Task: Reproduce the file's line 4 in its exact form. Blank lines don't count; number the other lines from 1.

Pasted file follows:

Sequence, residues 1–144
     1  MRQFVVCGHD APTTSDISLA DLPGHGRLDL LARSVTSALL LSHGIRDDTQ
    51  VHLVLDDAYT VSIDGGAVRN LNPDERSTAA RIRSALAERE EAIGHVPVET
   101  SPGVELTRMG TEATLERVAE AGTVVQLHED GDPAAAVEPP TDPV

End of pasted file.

   101  SPGVELTRMG TEATLERVAE AGTVVQLHED GDPAAAVEPP TDPV